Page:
Wittenberg and Delony were members of the design team for Little Rock Central High School (PU44) two years previously, and the architectural influence of that school is clearly evident in the design of Dunbar, although Dunbar is smaller and less ornate. The three-story school’s central portion and the flanking classroom wings create an open court in front of the building. As at Central High, brick pilasters between the window bays accentuate the verticality of its Art Deco version of Collegiate Gothic, and both schools feature corridors with arched ceilings and similar finishes.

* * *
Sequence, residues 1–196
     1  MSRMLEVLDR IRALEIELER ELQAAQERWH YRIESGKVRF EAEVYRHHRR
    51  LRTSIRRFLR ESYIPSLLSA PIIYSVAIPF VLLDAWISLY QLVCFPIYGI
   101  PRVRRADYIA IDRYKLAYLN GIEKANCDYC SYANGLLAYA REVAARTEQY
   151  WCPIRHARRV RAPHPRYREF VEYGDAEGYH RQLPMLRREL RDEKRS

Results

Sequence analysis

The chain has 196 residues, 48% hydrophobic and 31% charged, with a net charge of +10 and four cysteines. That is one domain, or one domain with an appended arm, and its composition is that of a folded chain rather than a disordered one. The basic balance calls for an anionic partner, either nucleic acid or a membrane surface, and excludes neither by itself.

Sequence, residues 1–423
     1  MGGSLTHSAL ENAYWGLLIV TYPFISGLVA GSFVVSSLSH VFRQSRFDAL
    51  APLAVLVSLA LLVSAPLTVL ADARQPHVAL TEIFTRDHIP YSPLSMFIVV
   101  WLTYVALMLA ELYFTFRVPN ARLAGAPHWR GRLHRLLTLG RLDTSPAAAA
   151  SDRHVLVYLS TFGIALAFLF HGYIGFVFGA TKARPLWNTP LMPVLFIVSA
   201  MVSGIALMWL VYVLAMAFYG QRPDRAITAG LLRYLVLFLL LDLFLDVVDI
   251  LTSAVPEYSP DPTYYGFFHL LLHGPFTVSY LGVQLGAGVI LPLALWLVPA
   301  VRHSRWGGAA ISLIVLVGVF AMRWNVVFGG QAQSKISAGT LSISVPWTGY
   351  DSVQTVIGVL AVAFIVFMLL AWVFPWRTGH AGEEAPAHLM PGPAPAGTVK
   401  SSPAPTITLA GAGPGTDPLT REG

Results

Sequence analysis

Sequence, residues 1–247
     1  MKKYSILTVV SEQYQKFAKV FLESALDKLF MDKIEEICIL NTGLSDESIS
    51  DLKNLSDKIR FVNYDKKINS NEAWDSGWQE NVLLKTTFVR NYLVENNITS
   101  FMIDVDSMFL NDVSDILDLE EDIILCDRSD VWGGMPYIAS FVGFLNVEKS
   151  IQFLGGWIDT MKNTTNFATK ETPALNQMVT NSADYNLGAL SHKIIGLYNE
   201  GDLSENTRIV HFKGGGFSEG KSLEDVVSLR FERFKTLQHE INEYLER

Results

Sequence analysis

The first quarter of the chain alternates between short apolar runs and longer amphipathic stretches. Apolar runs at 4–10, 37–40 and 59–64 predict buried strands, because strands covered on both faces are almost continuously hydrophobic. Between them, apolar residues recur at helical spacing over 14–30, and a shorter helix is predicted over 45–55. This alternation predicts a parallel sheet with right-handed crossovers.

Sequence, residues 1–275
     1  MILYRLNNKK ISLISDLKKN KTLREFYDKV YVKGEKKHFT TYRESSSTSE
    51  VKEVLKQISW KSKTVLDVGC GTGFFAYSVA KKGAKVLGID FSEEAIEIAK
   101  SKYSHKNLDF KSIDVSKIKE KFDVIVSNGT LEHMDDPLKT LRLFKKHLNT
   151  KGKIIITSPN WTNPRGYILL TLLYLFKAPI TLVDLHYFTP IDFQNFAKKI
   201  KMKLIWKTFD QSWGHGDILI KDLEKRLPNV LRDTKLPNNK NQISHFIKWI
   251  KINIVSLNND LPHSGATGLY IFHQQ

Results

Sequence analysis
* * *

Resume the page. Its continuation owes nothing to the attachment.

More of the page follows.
When Dunbar opened in 1929 (the school is named for African American author Paul Laurence Dunbar), it served as a junior high and senior high school and as a junior college for African American students, offering an academic curriculum as well as the traditional vocational programs. The school was one of two industrial arts schools in the South to attain junior college rating in 1931. Dunbar School is one of only a handful of buildings remaining in Arkansas that received funding from the Rosenwald Fund, which was established in 1917 by Julius Rosenwald, president of the Sears, Roebuck and Company to provide financial and technical assistance for the construction of schools for African Americans throughout the South between 1917 and 1932. The building remains in use as a magnet middle school.